Coaches, rowers honor former crew member

By Danielle Nelson

*This article is posted on The Temple News website.

The crew team had a moment of silence on Thursday to honor of the life and memory of former Temple rower Michael Mirabella, as Mirabella lost his battle with cancer on Tuesday. He was 23.

“He was great kid,” coach Gavin White said. “He had a lot of confidence. He was always so positive and he had lots of questions. He was always eager to know why we do things the way we do. To go that young is a crime. There were so much things he hadn’t experienced yet, but to see how much pain he was in, you don’t want to be in that situation.”

The Temple alum was well on his way to becoming a member of the U.S. National Rowing team before being diagnosed with cancer last year. Mirabella rowed all four years, from 2009 to 2013, on the men’s crew team. During his freshman season, Mirabella helped the varsity four boat to a gold medal-winning performance at the 2010 Dad Vail Regatta. In his remaining three seasons, Mirabella rowed on the varsity eight boat, which was able to win several regattas.

Because of his athleticism, exuberant personality and competitive nature many members of the men’s and women’s rowing teams gravitated towards him.

“My most lasting impression was whenever we would talk at a party or anything he was just so respectful and kind and just so nice to me,” former rower Claudia Loeber said.

In 2012, Mirabella, whose cousin was diagnosed with autism, created Cycle4Awareness, an effort to raise money and awareness for children with special needs. Mirabella and former Temple rower, Ryan Rickus, went on a 1,900-mile bicycle journey from Philadelphia to Key West, Florida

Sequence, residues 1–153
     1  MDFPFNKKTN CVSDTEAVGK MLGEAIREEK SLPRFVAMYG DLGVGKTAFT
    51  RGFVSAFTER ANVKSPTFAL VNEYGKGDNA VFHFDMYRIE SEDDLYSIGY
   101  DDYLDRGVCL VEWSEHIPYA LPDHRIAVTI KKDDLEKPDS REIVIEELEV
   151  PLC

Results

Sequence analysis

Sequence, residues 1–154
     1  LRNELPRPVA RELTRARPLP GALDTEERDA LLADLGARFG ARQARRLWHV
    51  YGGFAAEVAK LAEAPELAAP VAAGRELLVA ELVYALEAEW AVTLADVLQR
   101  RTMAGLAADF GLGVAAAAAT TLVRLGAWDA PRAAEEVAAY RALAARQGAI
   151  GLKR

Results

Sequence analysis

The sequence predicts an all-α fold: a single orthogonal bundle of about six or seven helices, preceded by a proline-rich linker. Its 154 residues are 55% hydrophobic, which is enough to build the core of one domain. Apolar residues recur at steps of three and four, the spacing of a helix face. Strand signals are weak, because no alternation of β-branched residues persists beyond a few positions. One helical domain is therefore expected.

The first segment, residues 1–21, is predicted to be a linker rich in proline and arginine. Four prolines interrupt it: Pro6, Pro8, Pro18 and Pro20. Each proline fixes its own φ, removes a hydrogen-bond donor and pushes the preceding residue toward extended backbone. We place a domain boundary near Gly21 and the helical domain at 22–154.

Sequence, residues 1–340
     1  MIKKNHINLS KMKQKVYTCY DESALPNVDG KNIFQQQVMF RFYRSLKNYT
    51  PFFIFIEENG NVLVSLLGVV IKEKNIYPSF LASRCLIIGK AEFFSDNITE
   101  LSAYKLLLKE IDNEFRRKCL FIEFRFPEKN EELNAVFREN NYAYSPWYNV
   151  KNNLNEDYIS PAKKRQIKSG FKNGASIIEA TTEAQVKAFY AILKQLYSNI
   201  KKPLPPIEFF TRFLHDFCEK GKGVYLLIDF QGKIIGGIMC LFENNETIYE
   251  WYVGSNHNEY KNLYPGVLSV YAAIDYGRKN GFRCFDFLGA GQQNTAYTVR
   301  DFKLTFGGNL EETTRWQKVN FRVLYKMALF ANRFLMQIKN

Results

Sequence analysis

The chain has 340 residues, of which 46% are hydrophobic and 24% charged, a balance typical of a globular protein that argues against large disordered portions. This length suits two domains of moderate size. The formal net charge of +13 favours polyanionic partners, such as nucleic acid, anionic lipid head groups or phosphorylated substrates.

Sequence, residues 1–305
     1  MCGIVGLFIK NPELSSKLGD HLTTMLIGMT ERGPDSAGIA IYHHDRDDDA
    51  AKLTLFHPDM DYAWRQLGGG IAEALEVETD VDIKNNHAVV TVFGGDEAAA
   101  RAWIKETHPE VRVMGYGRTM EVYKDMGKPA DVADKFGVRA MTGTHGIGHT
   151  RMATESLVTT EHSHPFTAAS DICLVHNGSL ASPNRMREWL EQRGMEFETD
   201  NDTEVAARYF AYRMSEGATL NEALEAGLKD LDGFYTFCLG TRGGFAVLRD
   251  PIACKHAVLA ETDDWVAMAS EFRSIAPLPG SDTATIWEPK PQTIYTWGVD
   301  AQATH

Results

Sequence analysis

Both rowers cycled for 19 days before reaching the sunshine State. During that time, they were able to raise more than $3,500. They documented their trip on Tumblr, which can be viewed here.

But Mirabella did not stop there. He, Rickus and former Temple rower Fegal Barry biked from Vancouver, British Columbia to San Diego, California to continue to raise money and awareness for the Athletes Helping Athletes, Inc., which helps athletes with special needs.

For his unselfish personality, many rowers visited him during his time of need and will be present at his memorial service on Saturday.

“His family has been good to us and we want to be there for them,” assistant coach Brian Perkins said.

The viewing was held Friday at Winberg Funeral Home, in Galloway, New Jersey at 5 p.m.

The funeral mass take place Saturday at Our Lady of Perpetual Help on 147 Pitney Road in Galloway at 1 p.m. Instead of flowers, the family has asked all donations be made to Temple University Men’s Crew.

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